Shares of department store chain J.C. Penney (OTC:JCPN.Q) tumbled on Friday after the company provided preliminary third-quarter results and dramatically cut its full-year earnings forecast. Shares of competitor Kohl's (NYSE:KSS) were also hit on the news. As of 12:45 p.m. EDT, J.C. Penney stock was down about 17.5%, while Kohl's stock was down about 5%.
J.C. Penney expects comparable-store sales to grow by 0.6% to 0.8% during the third quarter, thanks to growing appliance sales and e-commerce growth. Unfortunately for investors, the good news ends there. J.C. Penney expects to produce an adjusted loss between $0.40 and $0.45 per share, driven by the liquidation of slow-moving inventory in the women's department. Analysts were expecting a loss of just $0.18 per share.
This depressed third-quarter guidance will flow through to J.C. Penney's full-year results. The company expects comparable-store sales to be flat at best and decline 1% at worst, along with adjusted earnings between $0.02 and $0.08 per share. Previous guidance called for adjusted earnings between $0.40 and $0.45 per share, and that guidance included the impact of asset sales earlier in the year.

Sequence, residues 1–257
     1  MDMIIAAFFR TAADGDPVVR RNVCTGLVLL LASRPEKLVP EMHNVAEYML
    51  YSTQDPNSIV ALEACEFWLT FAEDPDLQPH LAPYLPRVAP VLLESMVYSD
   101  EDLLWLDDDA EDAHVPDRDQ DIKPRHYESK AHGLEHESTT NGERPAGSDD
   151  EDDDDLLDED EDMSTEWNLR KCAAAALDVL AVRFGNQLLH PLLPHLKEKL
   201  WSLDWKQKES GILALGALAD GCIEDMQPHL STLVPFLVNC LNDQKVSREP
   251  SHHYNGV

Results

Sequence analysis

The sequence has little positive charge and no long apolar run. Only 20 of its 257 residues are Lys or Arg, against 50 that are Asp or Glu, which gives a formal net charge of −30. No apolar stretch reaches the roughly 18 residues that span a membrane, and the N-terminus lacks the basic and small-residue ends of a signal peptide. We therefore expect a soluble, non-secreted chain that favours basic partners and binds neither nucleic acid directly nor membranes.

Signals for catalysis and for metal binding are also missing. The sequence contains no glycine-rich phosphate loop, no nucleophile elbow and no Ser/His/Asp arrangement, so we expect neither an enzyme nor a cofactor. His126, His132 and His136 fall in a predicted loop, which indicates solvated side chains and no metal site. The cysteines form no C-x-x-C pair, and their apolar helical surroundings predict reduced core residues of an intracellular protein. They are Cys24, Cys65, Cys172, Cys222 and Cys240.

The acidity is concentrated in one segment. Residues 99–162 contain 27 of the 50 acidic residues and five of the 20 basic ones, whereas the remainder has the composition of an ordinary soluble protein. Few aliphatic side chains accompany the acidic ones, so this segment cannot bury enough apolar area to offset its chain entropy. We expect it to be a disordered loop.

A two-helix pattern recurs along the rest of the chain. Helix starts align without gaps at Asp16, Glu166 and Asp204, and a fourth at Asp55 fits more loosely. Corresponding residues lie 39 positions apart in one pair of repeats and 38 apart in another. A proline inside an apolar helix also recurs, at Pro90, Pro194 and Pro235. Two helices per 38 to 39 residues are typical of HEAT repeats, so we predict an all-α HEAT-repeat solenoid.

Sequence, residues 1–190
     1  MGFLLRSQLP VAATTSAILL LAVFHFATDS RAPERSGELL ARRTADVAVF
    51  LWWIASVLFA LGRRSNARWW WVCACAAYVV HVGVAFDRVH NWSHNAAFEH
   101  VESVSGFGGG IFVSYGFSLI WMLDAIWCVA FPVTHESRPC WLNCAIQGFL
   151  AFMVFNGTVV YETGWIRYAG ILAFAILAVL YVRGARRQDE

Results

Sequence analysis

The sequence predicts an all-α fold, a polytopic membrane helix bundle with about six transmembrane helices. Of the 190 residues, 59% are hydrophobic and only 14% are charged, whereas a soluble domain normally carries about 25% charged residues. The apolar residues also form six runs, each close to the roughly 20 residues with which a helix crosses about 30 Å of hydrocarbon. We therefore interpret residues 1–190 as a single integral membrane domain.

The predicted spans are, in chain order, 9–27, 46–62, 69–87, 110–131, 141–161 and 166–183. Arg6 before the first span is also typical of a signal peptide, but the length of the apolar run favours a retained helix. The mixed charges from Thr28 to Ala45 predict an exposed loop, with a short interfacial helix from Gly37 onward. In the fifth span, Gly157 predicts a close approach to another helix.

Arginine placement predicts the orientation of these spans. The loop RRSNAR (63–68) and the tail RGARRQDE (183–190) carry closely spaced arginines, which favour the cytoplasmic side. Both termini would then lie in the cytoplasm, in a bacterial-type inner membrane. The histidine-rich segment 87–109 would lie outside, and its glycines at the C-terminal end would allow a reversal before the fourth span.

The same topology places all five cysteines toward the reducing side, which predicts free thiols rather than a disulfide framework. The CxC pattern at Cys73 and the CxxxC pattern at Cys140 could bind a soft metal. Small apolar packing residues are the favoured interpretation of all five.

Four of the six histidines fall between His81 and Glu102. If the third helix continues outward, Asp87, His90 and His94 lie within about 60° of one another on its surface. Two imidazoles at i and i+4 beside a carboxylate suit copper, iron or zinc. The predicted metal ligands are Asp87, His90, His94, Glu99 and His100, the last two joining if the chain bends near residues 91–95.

J.C. Penney CEO Marvin Ellison discussed the necessity of these painful inventory liquidations: "Following this comprehensive reset, we saw an improvement in performance, particularly in our women's division, confirming these actions were necessary to drive growth in our women's apparel business."
Kohl's is facing its own set of problems. Comparable sales declined 1.5% through the first half of 2017, on top of a 2.8% decline during the first half of last year. Kohl's adjusted profits were down as well as the company struggles to attract customers to its stores. J.C. Penney's inventory issues are company-specific, but the broader problem of weak customer traffic at department stores is affecting both companies.
A comparable-sales increase during the third quarter is a positive development, and the company said that it expects comparable sales to rise in September and October even after backing out the effects of the liquidation. But with adjusted profits now set to be minimal, even including asset sales, it looks like J.C. Penney's turnaround has hit a major snag.
J.C. Penney will report its full results on Nov. 10. The company plans to detail how it's aligning its expense structure to better reflect the state of its business at that time. In other words, more cost-cutting could be ahead.